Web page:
In the presidential election slated for December, the birth of the nation's first female president has become a major focus of concern among Korean voters.
Officially recognized preliminary presidential hopefuls include Rep. PARK Geun-Hye, former supreme representative of the Grand National Party (GNP), Rep. HAN Myeong-Sook of the Uri Party and former prime minister, and Rep. SIM Sang-Jeung of the Democratic Labor Party (DLP). Other potential candidates include lawyer KANG Kum-Sil, Korea's first female Minister of Justice, whose appointment sparked the interest of many ordinary citizens, and CHANG Sang, former president of Ewha Womens University and a co-chair of the Democratic Party.
The possibility of Rep. PARK Geun-Hye becoming the first female president is the highest as she has been leading in the polls with an approval rating of over 20%. Meanwhile, progressive women’s groups criticize that as the daughter of the late president PARK Chung-Hee who was symbolic of the Yusin (Revitalizing Reforms) dictatorial rule, she has never officially apologized for her father’s historic mistakes.
Rep. HAN Myeong-Sook, a former prime minister, has long been active in Korea's women's movement. She is believed to be a typical role model for female leaders in Korea with her extensive experience as chair of the Korean Womenlink, co-chair of the Korea Women's Associations United (KWAU), member of the National Assembly, the first female minister of gender equality, minister of environment, and prime minister.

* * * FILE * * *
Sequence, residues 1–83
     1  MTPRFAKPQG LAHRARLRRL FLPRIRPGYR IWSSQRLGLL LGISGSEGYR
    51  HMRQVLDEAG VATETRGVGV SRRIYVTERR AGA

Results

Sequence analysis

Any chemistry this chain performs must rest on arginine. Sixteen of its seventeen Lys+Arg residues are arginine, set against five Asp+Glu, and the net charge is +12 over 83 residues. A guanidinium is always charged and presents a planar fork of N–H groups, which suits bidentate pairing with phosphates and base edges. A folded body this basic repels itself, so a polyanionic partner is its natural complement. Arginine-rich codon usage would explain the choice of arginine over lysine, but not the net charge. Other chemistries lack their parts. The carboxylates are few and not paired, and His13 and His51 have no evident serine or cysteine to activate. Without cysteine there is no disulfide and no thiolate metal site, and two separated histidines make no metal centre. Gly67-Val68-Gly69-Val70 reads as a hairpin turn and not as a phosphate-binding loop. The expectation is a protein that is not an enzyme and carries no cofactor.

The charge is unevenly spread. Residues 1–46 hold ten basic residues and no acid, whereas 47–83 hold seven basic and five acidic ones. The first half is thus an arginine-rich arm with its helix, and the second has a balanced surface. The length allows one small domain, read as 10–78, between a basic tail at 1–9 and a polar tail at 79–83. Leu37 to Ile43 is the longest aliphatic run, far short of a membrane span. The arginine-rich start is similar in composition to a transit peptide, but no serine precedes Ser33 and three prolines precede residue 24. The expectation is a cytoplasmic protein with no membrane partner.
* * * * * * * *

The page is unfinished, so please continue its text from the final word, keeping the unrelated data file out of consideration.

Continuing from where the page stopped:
Rep. SIM Sang-Jeung of the Democratic Labor Party (DLP), a labor activist-turned politician, is clearing the deck for the presidential race by building up her ability to formulate better policies to offset her low approval rating and popularity.
Experts have commented on the situation by saying, "Rather than having a preference for a female president, voters in Korea have been enlightened enough to be willing to choose a woman as their president as long as she is properly equipped to perform her duties as the chief executive." "In the short term, the result may increase the number of seats for women in the 18th general elections (to elect members of the National Assembly). In the long run, it could drastically expedite the election of a female president," they added, expressing their optimism.